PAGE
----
LEAN HOGS on the CME closed mixed on Monday. FEB’07LH futures closed at $64.05/cwt, up $0.175/cwt and $3.100/cwt higher than last Monday. The APR’07LH closed off $1.500/cwt at $67.700 64.550/cwt but $3.150/cwt higher than last week at this time. The MAY’07LH through the OCT’07LH contracts set fresh highs. The rise in February prices was attributed to concerns for frigid weather expectations in the Midwest. Packers are expected to make every effort to ensure supplies. These same conditions pressured prices in the APR’07LH contract amid expectations that hogs held up in February would come to market later than the February contract month. Gains were limited in the deferred months by profit taking. USDA put the pork carcass cutout on Friday at $64.72/cwt, up $0.58/cwt. The CME reported the latest lean hog index up $0.33/cwt at $61.61/cwt. The average port plant margin for Monday was estimated at $0.35/head, down $0.50/head from Friday and off $1.85/head a week ago, according to HedgersEdge.com. Cash sellers who can get their hogs to the packers in this cold weather should continue to push hogs off the feeding floors as soon as they can be readied. Hedgers should consider positions that will protect 1st quarter ‘07 and 2nd quarter ’07 pork production. Corn users should look for more pricing opportunities in near-term corn inputs now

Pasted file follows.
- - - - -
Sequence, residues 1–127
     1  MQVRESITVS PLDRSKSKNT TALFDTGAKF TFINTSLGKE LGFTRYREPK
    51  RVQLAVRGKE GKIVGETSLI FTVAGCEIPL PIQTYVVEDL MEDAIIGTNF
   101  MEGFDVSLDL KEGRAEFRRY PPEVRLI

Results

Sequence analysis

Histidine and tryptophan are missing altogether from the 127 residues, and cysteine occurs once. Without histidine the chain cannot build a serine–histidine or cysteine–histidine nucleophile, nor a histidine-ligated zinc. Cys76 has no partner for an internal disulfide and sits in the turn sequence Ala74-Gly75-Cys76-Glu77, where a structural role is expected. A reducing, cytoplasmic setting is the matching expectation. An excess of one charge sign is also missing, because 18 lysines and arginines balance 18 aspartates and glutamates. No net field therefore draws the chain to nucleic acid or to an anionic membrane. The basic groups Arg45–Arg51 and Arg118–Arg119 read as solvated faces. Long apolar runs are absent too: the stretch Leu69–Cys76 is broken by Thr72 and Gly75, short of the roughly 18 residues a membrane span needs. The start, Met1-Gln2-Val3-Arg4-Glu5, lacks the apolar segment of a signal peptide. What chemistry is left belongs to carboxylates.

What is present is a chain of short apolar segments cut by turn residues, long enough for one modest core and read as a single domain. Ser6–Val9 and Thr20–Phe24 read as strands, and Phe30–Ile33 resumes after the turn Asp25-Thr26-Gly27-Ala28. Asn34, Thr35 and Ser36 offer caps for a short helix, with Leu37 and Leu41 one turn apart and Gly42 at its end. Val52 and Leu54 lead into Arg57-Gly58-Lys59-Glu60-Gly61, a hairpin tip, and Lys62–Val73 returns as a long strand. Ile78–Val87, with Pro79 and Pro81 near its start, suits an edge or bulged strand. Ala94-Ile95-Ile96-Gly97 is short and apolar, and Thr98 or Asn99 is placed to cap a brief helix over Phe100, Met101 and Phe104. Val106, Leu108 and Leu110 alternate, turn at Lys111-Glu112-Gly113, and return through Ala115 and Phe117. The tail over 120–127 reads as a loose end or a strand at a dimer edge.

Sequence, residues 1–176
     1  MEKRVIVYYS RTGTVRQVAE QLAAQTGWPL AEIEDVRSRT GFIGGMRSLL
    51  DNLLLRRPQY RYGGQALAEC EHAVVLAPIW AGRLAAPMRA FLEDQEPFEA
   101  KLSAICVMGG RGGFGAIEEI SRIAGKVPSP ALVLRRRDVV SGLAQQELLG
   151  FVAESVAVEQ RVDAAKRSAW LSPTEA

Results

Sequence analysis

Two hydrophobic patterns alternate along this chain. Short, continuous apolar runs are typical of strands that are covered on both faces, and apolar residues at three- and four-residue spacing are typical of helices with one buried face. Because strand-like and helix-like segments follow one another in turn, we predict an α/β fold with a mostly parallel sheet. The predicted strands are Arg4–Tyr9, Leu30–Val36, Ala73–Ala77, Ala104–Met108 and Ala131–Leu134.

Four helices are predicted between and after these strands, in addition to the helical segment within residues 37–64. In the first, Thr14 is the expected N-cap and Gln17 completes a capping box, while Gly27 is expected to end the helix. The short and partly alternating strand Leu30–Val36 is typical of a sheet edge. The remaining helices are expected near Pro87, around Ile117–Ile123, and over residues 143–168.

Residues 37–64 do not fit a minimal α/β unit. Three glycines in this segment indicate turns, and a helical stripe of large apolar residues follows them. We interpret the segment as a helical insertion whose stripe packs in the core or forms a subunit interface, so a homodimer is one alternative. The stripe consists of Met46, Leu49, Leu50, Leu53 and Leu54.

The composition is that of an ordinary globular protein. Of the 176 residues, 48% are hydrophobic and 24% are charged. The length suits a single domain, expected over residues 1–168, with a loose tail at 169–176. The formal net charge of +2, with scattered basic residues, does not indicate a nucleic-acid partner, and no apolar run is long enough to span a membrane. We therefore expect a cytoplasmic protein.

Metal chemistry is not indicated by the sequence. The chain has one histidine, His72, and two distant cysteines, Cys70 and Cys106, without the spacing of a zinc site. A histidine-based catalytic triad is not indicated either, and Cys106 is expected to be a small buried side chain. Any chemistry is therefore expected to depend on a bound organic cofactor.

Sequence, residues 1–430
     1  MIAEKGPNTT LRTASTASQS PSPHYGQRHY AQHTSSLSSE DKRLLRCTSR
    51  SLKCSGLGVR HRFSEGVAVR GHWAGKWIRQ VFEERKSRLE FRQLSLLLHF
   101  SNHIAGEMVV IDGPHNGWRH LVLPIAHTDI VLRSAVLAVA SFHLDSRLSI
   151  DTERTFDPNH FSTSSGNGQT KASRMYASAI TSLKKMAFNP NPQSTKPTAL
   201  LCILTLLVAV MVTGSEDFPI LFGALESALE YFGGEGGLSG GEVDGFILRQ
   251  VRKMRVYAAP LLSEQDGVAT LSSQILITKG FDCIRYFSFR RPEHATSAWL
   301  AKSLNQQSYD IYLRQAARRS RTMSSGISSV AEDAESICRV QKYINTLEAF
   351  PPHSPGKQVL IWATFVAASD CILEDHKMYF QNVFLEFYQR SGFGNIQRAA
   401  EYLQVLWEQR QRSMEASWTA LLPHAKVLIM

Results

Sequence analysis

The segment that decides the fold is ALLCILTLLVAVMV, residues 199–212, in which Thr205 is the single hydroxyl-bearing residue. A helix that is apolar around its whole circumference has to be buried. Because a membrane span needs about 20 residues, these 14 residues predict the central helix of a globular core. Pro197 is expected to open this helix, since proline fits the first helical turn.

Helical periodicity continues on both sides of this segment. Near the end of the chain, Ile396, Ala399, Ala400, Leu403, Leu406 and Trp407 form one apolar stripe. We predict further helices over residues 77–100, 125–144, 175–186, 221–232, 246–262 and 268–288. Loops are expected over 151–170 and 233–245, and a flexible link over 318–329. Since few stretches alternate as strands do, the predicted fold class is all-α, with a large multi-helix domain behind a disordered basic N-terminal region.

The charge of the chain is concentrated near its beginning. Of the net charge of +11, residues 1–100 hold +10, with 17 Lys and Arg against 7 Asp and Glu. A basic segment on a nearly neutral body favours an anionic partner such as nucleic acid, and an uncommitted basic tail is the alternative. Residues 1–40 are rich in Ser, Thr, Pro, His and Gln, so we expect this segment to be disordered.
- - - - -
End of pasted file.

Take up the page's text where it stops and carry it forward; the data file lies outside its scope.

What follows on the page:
CORN on the Chicago Board of Trade (CBOT) closed 2.0¢/bu - 5.4¢/bu lower on Monday due to funds taking profits and liquidating positions. The MAR’07 contract closed at $4.00/bu, off 5.4¢/bu. The DEC’07 contract finished at $3.944/bu, off 4.0¢/bu. DEC’08 futures finished down 3.2¢/bu at $3.730/bu. These three contracts finished nearly even with where they stood at this time last week. Downward momentum in U.S. crude oil weighed on corn futures. Floor sources were noted saying that the MAR’07 contract bounced back to the $4.00/bu level after briefly filling the gap established between Jan. 11 and Jan. 16. Some take this as a bullish signal for corn but the jury is still out on that thought seeing that both the Relative Strength Index (RSI) and the 4-day moving average (MA) turned down sending bearish signals. Another notably bearish signal is that funds sold between 8,000 and 10,000 lots while buying puts and selling calls in corn options. Readers should take note that this corn market is still very volatile after reaching these 10-year highs leaving it overburdened with a lot of long positions held by large funds. One trader is stated, “Once again it got top-heavy and got set back.” The CFTC’s Commitments of Traders report out late on Friday showed funds in long positions carrying 373,620 lots while funds in short positions weighed in at 55,490. There are certainly a lot of longs out there. There were no changes in corn fundamentals to warrant the price slide with strong demand for corn in the export, livestock, and ethanol sectors. This is the influence of large traders taking hold. Exports were quiet over the weekend and early on Monday. USDA reported 35.9 million bu of corn were inspected for export. This is below estimates of between 38 – 48 million bu. Cash corn bids were steady in the U.S. cornbelt while turning weaker in the Mid-Atlantic States. The FEB’07 ethanol futures contract closed up 0.005¢/gal at $1.945/gal. Corn producers should have considered selling up to 30%-40% of the ’07 crop. Buying a July $4.20/bu Call option was a little cheaper today than one week ago down to 31.7¢/bu. It still may be worth considering to protect the contracted corn’s bottom side while leaving upside potential open. Profit taking by the funds today drove this market as predicted last week. Consider this market still very volatile.